An ophthalmologist at the University of Ilorin Teaching Hospital, UITH, Dupe Ademola-Popoola, has said that seven out of ten blind people in Kwara State were blind from childhood.
According to the ophthalmologist, a survey of 100 blind people carried out in the state suggested kept in that condition till they were old enough to come out to beg for a living.
Mrs. Ademola-Popoola made this disclosure on Wednesday in Ilorin at a vision screening and immunisation programme held at the Government Hospital in Centre-Igboro, Ilorin.
She explained further that the state government has enacted a law that makes vision screening compulsory for children under five years. She said because of this and other efforts of the state government, the USAID has shown interest in the screening project and donated equipment worth thousands of dollars.
The ophthalmologist also disclosed that four health facilities have been designated as centres for the vision screening of children, adding that these centres would also act as training of staff as well as centres for prevention of blindness and enhancement of sight.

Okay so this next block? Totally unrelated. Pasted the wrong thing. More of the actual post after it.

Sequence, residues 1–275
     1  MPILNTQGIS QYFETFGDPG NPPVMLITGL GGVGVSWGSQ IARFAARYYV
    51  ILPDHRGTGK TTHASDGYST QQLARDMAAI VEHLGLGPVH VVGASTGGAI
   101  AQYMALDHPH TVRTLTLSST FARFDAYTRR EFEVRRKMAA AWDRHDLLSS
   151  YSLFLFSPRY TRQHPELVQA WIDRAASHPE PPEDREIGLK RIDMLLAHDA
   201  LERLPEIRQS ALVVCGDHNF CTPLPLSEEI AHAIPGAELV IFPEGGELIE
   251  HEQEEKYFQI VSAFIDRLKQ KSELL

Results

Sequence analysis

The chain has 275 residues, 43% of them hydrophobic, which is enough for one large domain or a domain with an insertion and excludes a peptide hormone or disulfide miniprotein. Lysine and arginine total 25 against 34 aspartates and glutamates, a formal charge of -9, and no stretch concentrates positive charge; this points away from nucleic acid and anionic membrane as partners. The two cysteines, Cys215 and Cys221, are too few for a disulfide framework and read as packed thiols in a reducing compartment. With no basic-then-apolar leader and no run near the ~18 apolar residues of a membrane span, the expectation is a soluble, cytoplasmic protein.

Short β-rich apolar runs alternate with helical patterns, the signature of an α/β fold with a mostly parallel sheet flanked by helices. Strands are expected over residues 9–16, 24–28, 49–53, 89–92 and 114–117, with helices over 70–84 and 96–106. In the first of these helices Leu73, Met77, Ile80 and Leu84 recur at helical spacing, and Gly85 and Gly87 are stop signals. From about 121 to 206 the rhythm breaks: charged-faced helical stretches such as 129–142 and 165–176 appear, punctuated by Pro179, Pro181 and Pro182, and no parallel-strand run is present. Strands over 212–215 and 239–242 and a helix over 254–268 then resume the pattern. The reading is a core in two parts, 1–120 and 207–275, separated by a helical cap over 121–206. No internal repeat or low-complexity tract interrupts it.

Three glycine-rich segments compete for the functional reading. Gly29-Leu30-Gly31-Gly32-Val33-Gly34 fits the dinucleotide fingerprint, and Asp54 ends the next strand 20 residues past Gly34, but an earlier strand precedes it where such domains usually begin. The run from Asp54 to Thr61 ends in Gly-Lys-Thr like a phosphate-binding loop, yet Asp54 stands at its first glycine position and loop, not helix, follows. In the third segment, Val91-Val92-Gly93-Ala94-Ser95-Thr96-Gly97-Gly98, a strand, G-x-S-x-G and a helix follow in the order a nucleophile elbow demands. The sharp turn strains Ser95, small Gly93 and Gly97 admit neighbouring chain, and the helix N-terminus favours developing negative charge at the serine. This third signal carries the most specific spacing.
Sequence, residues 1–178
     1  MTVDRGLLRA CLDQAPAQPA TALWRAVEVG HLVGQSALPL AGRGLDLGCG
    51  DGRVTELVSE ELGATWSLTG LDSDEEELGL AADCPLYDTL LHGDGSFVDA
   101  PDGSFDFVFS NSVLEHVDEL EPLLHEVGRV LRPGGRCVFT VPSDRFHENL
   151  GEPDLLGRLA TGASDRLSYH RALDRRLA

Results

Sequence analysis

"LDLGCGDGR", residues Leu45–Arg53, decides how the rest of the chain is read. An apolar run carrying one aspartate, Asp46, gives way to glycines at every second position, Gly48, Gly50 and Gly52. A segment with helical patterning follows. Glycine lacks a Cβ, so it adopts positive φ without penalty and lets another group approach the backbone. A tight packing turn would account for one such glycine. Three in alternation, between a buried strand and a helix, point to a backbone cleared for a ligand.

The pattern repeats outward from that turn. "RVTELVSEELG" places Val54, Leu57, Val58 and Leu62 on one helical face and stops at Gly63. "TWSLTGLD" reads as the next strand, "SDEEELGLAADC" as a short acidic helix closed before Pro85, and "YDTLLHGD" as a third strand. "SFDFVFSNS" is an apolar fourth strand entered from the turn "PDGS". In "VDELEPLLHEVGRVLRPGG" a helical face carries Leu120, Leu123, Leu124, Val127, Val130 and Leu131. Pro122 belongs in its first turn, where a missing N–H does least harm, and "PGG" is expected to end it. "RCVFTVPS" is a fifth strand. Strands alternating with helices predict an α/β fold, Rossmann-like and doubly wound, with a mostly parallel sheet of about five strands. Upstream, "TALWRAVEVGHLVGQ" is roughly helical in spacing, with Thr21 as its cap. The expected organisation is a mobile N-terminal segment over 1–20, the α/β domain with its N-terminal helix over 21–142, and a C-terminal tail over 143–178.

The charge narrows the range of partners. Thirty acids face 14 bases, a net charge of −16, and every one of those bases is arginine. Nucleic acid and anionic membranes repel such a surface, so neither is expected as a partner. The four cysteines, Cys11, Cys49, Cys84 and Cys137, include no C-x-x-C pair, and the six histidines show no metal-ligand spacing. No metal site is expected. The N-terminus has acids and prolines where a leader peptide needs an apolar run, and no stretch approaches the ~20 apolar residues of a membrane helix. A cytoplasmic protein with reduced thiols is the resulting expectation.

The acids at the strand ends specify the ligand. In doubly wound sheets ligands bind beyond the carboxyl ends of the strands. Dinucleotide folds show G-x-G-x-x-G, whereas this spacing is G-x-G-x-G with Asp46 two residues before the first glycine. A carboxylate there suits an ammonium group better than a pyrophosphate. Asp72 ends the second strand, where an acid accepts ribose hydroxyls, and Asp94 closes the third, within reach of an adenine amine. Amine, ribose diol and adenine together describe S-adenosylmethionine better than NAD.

In her reaction, wife of Kwara state Governor, Omolewa Ahmed, advocated a law that
will enforce compulsory vision screening for children before enrolment in government schools.
Mrs. Ahmed, who was at the hospital to facilitate immunisation and vision screening exercise, stated that under the proposed law, ministries in the state would be made to key into the programme of vision screening for Kwara children to ensure preventable blindness.
She also encouraged mothers to take children to immunisation centres and also undergo vision screening as it is free of charge.
“Vision is important and we must ensure that out of negligence or ignorance our children are not exposed to blindness when we can take them for screening and get help,” she said.
Mrs. Ahmed, however, noted that some of the cases of blindness are avoidable.